CLEVELAND -- Joe Thomas remains torn about his football future.
He's still holding.
Cleveland's star left tackle, who played more than 10,000 consecutive snaps before suffering a season-ending left triceps injury on Oct. 22, said Wednesday night that he's undecided about continuing his Hall of Fame-caliber career -- or retiring.
"Making progress," the 10-time Pro Bowler said. "Had a lot of time to think and spend some time with the family, but not ready definitively to make a decision one way or the other just yet. Really for me, my decision is just going to come down to do I feel like I'm healthy enough to survive another season?"
One of the NFL's premier tackles, Thomas was on the field for 10,363 straight plays before his triceps ripped while blocking on a running play against Tennessee. Thomas planned to take the offseason to weigh his options, and he remains unsure if he wants to make a comeback or move on to a new career, perhaps in the TV broadcast booth.
Thomas isn't leaning in either direction.
"There's some days you go back and forth," he said.
Thomas was a presenter at the Greater Cleveland Sports Awards, which he attended with his wife, Annie. Thomas said he has not received any pressure to make his decision from the Browns, who are coming off a historic 0-16 season.
"I don't think there's any real rush at this point," he said. "Obviously, they want to know before the draft and free agency, so that if they have to make different plans if I'm not going to be there, they want to know about it. I told them I'll make a decision when I'm ready and let them know and give them as much time as I possibly can."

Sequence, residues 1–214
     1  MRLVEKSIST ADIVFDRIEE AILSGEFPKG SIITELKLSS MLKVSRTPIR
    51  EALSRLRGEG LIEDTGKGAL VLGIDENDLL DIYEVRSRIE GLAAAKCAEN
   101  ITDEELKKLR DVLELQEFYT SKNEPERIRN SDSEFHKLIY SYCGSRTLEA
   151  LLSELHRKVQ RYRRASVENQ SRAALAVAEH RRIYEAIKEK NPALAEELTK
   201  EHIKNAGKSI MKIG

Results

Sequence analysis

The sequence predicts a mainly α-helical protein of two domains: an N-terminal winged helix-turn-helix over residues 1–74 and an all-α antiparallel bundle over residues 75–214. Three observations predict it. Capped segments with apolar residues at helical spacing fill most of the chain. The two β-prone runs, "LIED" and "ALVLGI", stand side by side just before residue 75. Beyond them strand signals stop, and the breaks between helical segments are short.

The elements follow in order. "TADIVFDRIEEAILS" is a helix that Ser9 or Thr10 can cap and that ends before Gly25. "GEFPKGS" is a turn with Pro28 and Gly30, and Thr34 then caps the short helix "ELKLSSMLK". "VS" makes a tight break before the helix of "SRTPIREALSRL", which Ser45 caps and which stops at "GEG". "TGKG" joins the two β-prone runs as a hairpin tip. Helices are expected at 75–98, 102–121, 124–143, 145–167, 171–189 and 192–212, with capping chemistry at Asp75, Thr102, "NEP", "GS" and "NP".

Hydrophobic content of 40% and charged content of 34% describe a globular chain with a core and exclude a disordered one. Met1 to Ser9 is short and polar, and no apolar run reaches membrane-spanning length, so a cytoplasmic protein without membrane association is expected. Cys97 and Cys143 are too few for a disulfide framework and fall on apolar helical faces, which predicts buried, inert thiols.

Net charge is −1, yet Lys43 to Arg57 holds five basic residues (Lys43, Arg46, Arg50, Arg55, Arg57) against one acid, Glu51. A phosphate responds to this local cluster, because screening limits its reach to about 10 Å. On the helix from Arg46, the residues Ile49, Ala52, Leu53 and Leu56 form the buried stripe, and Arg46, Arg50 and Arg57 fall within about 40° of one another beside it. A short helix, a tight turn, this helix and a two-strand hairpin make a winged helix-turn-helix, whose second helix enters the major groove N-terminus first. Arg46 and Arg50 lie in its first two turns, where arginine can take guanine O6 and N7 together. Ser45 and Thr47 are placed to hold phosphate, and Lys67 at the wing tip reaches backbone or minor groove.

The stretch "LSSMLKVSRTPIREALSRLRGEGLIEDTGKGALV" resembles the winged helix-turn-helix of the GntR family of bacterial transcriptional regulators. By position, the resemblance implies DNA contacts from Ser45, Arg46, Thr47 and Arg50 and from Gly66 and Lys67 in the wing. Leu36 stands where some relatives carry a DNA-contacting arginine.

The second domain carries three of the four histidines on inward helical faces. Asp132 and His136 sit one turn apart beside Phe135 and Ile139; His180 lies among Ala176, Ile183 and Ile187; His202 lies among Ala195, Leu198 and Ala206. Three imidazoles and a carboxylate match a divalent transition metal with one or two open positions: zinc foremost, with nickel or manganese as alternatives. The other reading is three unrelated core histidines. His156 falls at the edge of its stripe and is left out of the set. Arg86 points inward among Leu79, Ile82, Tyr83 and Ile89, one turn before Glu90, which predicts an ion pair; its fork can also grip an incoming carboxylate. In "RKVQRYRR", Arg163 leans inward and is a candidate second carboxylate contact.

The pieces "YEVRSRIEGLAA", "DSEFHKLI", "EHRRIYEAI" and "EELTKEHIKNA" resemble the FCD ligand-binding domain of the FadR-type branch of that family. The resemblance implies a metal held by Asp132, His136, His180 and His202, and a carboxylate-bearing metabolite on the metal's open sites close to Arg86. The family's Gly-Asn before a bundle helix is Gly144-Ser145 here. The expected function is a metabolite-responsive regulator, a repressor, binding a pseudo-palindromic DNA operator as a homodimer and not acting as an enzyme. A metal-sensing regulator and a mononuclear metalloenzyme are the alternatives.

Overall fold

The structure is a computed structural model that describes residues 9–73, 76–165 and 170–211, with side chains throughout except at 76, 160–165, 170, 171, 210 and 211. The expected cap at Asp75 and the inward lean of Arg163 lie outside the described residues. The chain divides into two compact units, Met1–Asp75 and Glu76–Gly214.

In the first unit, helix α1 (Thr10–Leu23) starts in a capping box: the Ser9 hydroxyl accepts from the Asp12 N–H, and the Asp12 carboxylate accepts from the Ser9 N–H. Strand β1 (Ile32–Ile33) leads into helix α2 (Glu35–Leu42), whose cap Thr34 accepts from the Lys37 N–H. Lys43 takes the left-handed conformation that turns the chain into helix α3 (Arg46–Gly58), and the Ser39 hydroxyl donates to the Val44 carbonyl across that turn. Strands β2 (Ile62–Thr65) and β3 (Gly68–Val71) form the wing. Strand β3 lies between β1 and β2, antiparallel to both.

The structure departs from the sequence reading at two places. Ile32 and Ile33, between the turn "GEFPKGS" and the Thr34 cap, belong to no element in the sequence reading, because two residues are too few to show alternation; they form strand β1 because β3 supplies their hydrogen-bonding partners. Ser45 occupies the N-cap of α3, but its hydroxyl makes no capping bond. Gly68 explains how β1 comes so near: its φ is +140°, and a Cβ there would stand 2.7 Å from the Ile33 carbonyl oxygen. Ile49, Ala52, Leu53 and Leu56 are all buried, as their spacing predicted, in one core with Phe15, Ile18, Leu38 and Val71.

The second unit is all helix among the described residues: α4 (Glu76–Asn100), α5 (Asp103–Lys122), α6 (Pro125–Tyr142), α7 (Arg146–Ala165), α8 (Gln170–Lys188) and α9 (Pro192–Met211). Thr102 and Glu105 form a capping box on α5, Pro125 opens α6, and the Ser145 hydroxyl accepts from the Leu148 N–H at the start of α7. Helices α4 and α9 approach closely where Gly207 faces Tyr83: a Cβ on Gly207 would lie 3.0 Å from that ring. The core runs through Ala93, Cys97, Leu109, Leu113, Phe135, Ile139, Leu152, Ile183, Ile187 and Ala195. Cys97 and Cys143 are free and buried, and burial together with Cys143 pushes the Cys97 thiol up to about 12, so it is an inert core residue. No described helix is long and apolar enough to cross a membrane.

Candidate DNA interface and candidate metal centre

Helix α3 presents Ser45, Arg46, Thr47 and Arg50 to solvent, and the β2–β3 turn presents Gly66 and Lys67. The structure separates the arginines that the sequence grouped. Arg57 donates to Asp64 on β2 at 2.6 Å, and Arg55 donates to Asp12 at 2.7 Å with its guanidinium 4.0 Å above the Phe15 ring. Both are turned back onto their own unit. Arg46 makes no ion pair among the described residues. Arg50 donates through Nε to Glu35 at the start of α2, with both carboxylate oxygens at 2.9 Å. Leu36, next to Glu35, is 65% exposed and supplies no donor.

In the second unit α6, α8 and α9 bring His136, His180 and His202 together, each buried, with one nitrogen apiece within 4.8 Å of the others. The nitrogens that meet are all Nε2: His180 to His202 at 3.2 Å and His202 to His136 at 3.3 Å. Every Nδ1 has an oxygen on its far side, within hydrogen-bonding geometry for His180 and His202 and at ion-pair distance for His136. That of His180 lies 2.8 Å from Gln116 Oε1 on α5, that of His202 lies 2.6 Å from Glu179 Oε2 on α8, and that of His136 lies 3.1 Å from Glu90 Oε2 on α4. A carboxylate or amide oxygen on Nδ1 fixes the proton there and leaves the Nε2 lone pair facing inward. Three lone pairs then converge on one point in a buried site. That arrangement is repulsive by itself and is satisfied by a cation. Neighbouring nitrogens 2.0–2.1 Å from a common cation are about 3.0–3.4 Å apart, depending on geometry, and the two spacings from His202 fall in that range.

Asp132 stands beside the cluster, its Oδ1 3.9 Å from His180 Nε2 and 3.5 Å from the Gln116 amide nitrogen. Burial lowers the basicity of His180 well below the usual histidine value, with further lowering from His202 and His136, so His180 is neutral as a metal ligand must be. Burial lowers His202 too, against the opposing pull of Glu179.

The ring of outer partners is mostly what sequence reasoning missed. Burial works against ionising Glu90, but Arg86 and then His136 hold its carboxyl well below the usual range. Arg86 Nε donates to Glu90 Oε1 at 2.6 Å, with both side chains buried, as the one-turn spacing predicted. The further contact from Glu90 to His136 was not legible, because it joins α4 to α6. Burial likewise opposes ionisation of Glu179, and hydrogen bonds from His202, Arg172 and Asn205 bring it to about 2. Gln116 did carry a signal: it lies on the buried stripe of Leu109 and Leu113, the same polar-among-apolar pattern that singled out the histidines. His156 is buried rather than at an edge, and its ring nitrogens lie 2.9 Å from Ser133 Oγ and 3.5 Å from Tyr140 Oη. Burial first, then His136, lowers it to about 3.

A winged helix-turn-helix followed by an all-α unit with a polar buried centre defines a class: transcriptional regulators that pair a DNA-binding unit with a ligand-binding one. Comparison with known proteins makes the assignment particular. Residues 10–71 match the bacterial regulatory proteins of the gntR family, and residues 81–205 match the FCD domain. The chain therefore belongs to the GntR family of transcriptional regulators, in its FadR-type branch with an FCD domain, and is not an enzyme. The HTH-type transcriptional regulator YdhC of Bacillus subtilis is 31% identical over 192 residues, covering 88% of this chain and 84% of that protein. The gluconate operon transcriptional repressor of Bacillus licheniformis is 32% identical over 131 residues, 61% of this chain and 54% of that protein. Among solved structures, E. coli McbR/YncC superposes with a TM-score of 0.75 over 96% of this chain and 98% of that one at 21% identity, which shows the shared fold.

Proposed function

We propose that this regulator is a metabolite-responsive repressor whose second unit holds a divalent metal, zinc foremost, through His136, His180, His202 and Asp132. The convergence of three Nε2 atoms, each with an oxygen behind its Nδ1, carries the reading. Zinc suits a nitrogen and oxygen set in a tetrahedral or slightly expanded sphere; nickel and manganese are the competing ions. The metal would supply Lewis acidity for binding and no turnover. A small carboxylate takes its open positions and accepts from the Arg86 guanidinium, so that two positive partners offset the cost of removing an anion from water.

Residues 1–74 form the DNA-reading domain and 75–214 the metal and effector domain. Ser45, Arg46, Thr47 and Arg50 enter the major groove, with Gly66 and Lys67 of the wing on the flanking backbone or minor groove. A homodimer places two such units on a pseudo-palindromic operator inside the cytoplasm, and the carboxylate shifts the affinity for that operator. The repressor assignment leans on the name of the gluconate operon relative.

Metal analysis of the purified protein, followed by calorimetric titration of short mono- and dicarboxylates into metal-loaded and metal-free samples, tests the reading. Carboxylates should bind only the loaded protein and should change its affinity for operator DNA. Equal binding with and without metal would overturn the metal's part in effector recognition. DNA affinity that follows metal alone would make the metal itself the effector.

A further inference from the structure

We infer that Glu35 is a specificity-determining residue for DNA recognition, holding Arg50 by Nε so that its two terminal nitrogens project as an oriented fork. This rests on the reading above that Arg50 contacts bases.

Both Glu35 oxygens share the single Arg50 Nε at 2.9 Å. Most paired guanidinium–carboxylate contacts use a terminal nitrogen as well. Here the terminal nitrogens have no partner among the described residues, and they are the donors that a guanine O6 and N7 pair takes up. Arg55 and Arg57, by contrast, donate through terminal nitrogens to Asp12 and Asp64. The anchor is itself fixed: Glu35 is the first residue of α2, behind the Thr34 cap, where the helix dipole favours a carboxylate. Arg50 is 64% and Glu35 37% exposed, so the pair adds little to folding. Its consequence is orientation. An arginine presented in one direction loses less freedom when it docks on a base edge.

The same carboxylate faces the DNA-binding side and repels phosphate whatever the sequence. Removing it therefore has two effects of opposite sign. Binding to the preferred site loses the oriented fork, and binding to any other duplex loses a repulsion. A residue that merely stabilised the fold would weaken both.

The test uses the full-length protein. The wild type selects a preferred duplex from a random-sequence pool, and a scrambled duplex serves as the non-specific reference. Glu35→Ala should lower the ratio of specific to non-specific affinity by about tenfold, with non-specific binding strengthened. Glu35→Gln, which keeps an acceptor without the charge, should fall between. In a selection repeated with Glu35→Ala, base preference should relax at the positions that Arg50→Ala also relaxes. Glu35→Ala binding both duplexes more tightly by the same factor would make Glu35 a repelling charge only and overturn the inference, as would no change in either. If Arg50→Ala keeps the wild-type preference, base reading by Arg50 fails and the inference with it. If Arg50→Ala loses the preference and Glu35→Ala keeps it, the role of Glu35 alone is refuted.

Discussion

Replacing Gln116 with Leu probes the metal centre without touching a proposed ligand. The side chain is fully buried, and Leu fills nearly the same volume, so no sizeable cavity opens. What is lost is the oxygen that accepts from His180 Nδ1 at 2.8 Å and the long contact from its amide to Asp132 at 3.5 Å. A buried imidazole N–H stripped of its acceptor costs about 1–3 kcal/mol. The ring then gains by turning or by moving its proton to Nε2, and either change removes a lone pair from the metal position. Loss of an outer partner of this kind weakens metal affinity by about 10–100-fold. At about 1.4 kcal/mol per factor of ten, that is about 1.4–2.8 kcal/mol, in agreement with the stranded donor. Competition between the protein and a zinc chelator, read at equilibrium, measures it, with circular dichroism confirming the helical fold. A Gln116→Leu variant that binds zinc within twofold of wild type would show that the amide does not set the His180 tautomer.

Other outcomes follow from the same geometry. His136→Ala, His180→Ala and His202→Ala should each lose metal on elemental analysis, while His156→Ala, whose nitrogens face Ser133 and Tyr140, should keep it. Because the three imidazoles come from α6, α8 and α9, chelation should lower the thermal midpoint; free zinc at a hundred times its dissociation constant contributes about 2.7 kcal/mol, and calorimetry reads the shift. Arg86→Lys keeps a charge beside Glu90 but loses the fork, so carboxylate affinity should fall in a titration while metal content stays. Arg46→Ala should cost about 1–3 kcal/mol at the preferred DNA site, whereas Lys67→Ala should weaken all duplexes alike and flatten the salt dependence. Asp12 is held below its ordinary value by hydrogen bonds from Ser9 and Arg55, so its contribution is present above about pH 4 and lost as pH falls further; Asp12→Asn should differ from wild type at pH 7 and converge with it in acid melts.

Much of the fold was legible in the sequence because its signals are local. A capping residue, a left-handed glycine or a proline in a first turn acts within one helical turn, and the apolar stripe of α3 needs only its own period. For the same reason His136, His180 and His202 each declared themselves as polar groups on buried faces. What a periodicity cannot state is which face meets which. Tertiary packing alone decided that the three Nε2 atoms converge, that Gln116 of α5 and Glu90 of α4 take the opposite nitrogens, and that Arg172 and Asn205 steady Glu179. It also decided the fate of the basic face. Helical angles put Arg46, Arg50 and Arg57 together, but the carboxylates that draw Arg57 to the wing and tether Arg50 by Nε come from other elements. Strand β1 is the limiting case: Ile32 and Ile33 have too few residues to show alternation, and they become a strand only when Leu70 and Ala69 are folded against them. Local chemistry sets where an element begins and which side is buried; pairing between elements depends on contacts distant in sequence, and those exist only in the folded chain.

Thomas said he won't be medically cleared to play until summer, but that timeframe has no bearing on his decision.
"It's seven-to-nine months from surgery, so that would put me in June or July," he said. "But I'm not worried about that. The elbow is something that'll take care of itself. I feel confident the rehab has gone well and it will continue to go well. Really for me, knee and back are the primary issues that I've been dealing with a number of years."
Thomas came close to quitting before when a back spasm in 2007 lasted four weeks.
"Couldn't practice. Basically couldn't tie my own shoes," he said. "And I go, `This is my last year. There's no way I can do this another season.' And I made it four more after that. So it's weird the highs and lows that you go through during a season, especially because of the emotional and physical toll a game takes on you."
The 18th annual sports awards brought out some of Cleveland's biggest sports movers and shakers, including former Browns quarterback Bernie Kosar, Indians manager Terry Francona and Cavaliers general manager Koby Altman. The event was hosted by ESPN's Tom Rinaldi.
Former Cavaliers center Zydrunas Ilgauskas received a lifetime achievement award at the gala event. The 7-foot-3 Ilgauskas was affectionately known simply as "Z" by Cleveland fans who embraced the Lithuania native and made him one of their own.
Ilgauskas overcame two major foot injuries early in his career and played 13 seasons in the NBA before retiring in 2011 after one year in Miami. The Cavs retired his No. 11 in 2014.
Ilgauskas recalled that early in his career, owner Gordon Gund had a deal worked out to trade him to Detroit. He turned it down.
"I didn't stay because of the weather," he told the Cleveland crowd. "I didn't stay because of the food, but that's gotten a lot better since 1996. I stayed because of you guys. You guys make this city what it is."
LeBron James said Ilgauskas was one of his favorite teammates.
"We had a heck of a chemistry with our pick and pop," James said. "Multi-talented guy but even greater person to be around every day. Came to work every day, showed up every day and he gave everything he could to this franchise and the Heat franchise."